You can make a great case for paying testers just like you would a tech editor, but for me, it’s important that my testers have the role of fan instead of employee. Everyone who tests patterns for me is doing so only because they wanted to be part of Team Mochimochi—I love that! And the many hours that my testers put into testing means that they would have to be paid very little for their work, and I’d rather that they enjoy the knitting in itself instead of being distracted by how much I’m nickel and diming them. That said, I send my testers another pattern of their choice once the test is finished, but I like to think of this as a “thank you” pattern rather than compensation for the work.

Final thought to this mostly image-barren post

My tech editor and testers do more than find errors in my patterns: they make me see my designs from a new perspective. They make suggestions about different techniques that I can incorporate (often introducing new techniques to me in the process), and they make me question the way I present those techniques. Even if I’m not going to make fundamental changes to a design once it’s in the tech editing/testing stage, I keep the feedback I receive in mind when I’m going forward with future designs. The whole point of writing a pattern is so that others can follow it, so it makes sense that it should take a team to develop that pattern. Go team!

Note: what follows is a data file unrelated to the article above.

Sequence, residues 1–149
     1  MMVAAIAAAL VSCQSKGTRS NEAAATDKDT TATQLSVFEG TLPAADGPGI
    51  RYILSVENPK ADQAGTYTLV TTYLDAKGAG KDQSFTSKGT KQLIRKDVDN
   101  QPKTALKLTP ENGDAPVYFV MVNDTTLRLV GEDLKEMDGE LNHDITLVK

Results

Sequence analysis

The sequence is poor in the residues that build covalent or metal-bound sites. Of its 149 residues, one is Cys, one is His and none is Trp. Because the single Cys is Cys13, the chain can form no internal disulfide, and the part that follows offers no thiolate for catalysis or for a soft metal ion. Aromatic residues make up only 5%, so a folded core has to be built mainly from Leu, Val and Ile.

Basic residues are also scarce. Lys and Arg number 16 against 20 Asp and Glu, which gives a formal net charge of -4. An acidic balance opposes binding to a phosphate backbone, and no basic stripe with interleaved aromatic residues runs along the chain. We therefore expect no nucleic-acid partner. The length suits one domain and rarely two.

Previous posts in this series:

Online Marketing and Social Media

Writing Books

On Being Burnt Out

Self-Publishing Patterns

How I got Started